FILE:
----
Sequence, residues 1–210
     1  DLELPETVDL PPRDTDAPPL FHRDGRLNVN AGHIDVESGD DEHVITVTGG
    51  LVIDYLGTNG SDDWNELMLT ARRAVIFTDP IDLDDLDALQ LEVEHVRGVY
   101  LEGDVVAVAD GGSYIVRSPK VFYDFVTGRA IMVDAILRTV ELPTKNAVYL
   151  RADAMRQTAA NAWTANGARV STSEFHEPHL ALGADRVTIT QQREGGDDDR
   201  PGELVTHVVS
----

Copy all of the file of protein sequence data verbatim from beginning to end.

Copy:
Sequence, residues 1–210
     1  DLELPETVDL PPRDTDAPPL FHRDGRLNVN AGHIDVESGD DEHVITVTGG
    51  LVIDYLGTNG SDDWNELMLT ARRAVIFTDP IDLDDLDALQ LEVEHVRGVY
   101  LEGDVVAVAD GGSYIVRSPK VFYDFVTGRA IMVDAILRTV ELPTKNAVYL
   151  RADAMRQTAA NAWTANGARV STSEFHEPHL ALGADRVTIT QQREGGDDDR
   201  PGELVTHVVS